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On Math

I had a very poor math education when I was in school. Of course that means that nowadays I have zero knowledge on all things mathematic.

Do any of you guys know of any math classes for adults?

alleB
Sunday, May 23, 2004

I posed the same question last year on forums.gentoo.org and this book came back highly recommended:

http://www.amazon.com/exec/obidos/tg/detail/-/0521017076/qid=1085357469/sr=8-1/ref=sr_8_xs_ap_i1_xgl14/002-0704145-2236027?v=glance&s=books&n=507846#product-details

It's targeted as a survival study guide for science and engineering students who got screwed (or screwed themselves) on their math education prior to college.  I liked the look of it from the details on Amazon and bought it.  I haven't made time to get into it yet though, so all I can say is that it still looks like the best option for self study.

Maybe I should be looking into taking a class somewhere though, given my lack of discipline as displayed above.  We have an excellent community college system where I live.  If I can find the time and maybe get my employer to pony up for it, I might take a look there.

OffMyMeds
Sunday, May 23, 2004

Sorry for the ridiculously wide link.  I don't know why I thought it would wrap.  Should a moderator decide to remove it, the book is called _Maths: A student's Survival Guide_ by Jenny Olive and is easy to find at Amazon.

OffMyMeds
Sunday, May 23, 2004

Out of curiosity, does the math you'd like to learn have any connection to programming you'd like to do (I'm not being critical, I'm curious)?

How far would you like to go?

Teaching oneself math requires discipline most people don't have. I guess the key is not cheating on reading things over, and not going any further until you've mastered what's already been presented in a book. That's why it's so terrible to fall behind in a math class: your lack of comprehension compounds itself as time goes on.

Also, be sure to do lots (more than you would in a class) of problems, including some challenging ones.

At football games in America, we chant: 3.14159, sec tan cos sin, gooooo math!

Not really.

Warren Henning
Sunday, May 23, 2004

The link worked OK for me, but just in case for others...

http://tinyurl.com/27gzo

Greg Hurlman
Sunday, May 23, 2004

>> Do any of you guys know of any math classes for adults?

Yeah. Its called U-N-I-V-E-R-S-I-T-Y.

Anon-y-mous Cow-ard
Sunday, May 23, 2004

>>>At football games in America, we chant: 3.14159, sec tan cos sin, gooooo math!

Not really.


Actually, this is quite (in)famous: alpha Q b cos u cot a cosec

.
Monday, May 24, 2004

To  Anon-y-mous Cow-ard

Do they teach high-school math at the U-N-I-V-E-R-S-I-T-Y?


And no, it has nothing to do with my day job. I just feel I need it, because I've always had that stuck in the back of my mind: "I'm a dumb ass on math".

RP
Monday, May 24, 2004

Actually, RP, some universities offer remedial math courses, i.e., courses that most students would've normally taken in high school.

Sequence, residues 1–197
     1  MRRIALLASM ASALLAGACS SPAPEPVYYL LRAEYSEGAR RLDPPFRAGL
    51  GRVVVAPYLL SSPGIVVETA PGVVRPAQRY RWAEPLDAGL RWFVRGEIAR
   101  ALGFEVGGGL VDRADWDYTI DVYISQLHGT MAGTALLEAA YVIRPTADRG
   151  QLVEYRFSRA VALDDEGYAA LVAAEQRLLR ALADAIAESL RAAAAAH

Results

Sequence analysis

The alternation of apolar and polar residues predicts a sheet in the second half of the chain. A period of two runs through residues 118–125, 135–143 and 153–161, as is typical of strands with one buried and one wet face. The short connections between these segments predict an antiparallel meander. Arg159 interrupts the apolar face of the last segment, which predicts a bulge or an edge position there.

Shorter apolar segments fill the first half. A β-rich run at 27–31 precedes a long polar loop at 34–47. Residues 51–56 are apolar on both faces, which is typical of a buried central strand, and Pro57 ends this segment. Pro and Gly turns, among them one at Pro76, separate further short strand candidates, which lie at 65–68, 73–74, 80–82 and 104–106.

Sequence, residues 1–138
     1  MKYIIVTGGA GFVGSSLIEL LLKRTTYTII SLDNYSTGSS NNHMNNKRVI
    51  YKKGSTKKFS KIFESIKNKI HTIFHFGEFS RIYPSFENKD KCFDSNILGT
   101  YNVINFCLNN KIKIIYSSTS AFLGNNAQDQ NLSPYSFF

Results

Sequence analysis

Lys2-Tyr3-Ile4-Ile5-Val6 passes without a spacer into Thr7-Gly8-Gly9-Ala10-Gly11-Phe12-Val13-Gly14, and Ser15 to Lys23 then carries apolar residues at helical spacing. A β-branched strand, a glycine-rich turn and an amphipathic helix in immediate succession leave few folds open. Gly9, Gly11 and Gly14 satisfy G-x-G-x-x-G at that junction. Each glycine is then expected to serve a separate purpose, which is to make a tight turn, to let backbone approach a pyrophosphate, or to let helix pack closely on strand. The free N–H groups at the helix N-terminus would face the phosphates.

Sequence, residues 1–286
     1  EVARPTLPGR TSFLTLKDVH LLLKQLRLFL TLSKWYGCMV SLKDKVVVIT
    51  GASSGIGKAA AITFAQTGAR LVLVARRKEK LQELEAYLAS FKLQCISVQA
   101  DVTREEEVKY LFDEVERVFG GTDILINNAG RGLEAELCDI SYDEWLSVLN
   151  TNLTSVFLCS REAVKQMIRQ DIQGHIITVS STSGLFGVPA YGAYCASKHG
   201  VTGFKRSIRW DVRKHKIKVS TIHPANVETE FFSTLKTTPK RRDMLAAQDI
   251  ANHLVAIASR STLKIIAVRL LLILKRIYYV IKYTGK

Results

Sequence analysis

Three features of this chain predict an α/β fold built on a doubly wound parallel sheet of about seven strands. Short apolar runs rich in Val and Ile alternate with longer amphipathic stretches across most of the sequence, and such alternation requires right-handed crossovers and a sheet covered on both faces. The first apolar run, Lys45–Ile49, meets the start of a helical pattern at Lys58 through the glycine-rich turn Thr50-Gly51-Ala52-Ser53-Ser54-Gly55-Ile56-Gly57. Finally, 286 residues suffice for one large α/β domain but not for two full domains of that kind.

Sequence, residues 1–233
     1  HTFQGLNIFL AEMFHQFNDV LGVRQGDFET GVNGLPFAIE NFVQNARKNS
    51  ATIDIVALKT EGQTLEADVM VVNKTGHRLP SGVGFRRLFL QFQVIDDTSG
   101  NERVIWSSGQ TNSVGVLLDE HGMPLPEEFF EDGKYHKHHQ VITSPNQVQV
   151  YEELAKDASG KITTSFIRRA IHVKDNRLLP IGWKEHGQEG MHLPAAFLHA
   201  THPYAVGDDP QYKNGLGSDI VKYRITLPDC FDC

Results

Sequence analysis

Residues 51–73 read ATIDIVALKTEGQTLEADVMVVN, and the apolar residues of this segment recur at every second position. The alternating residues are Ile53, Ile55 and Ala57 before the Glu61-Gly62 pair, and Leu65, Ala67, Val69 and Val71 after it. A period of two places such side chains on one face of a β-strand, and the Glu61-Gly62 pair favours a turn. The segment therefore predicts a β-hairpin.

And you're not a dumb ass in anything. Just remember, "you're good enough, you're smart enough, and doggone it, people like you!"

Stuart Smalley
Monday, May 24, 2004

I'd second doing a university class. The one I have offers a "Intro To College Math" courses geared towards students who might not have high-school math they need.

Jimmy Jo-jo
Monday, May 24, 2004

Most community colleges will teach remedial math.  Usually a lot cheaper than at a university, and you're probably more likely to find weekend or night classes.

Once you're up to speed on that you can look for a university that teaches discrete math.

T. Norman
Monday, May 24, 2004

Most universities have remedial math courses now as well.  I remember reading somewhere about 30% of new university students need to take remedial math and/or english once they're in college, because of the bad high school educations they're getting.

Andrew Hurst
Monday, May 24, 2004

I'm currently going to a community college which offers math down to the pre-algebra level, and credits cost about half what the local state university costs.  Quality of teachers varies, especially given that my school has 60% of its courses offered by part-time teachers (who then have to commute between several community colleges, or have "real jobs" somewhere else, to earn a living), but generally my experience has been that if you're ready to learn, you'll do well.

Sam Livingston-Gray
Monday, May 24, 2004

Just another $0.02 re: community colleges and why you get your money's worth:

I count the fact that the instructors are often part-time and have real jobs as one of the advantages.  I would much rather learn from a person using their craft for practical applications in his daily life than someone ensconsed in the academia bubble.  I've taken classes at two community colleges, one state university and two private universities (I'm good at starting school, not good at finishing it).  The quality of intructors varied equally at each, but the best teachers were almost always the ones with a day job.  Many of them weren't just competent, they were sharp and engaging.

Ok enough soapboxing.  My point: if the name of the school isn't going to affect your job opportunities, save your money and take a few night classes at your local comunity college.  If the instruction seems disappointing, drop the class and ask around for who the good instructors are.

OffMyMeds
Tuesday, May 25, 2004

Correction to subject-verb agreement error: "learn from a person using *his* craft for practical applications in his daily life."

I don't want to give the aformentioned institutions a bad reputation.

OffMyMeds
Tuesday, May 25, 2004

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